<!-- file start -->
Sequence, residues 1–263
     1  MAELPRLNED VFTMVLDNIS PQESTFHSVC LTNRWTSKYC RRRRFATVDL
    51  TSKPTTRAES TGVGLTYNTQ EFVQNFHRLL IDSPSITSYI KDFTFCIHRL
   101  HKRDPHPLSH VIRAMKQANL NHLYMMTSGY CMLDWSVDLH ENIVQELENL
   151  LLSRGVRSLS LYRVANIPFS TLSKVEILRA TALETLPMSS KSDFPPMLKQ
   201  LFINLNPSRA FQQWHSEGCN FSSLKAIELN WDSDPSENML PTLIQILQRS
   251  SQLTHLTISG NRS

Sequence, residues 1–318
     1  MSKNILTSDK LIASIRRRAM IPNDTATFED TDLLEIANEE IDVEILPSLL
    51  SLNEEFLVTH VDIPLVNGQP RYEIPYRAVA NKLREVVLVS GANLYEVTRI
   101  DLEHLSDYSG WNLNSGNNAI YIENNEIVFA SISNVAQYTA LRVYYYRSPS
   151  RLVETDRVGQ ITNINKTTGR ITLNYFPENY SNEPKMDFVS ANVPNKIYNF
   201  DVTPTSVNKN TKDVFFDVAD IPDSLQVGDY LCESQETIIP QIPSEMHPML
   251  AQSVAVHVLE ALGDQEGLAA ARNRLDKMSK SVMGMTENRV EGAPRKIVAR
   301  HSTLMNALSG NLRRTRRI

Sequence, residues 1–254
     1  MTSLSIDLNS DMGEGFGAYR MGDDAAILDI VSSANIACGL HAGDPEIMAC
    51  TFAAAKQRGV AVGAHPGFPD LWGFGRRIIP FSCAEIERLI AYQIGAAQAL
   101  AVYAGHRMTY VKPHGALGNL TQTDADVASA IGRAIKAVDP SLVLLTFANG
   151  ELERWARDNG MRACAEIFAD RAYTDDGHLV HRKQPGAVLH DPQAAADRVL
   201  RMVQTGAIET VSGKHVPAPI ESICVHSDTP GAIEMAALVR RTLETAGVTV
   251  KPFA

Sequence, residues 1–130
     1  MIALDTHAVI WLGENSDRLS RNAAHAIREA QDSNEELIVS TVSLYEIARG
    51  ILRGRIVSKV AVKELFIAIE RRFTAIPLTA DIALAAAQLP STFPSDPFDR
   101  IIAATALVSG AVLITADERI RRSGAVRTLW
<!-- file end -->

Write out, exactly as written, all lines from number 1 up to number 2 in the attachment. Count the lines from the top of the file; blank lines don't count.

Sequence, residues 1–263
     1  MAELPRLNED VFTMVLDNIS PQESTFHSVC LTNRWTSKYC RRRRFATVDL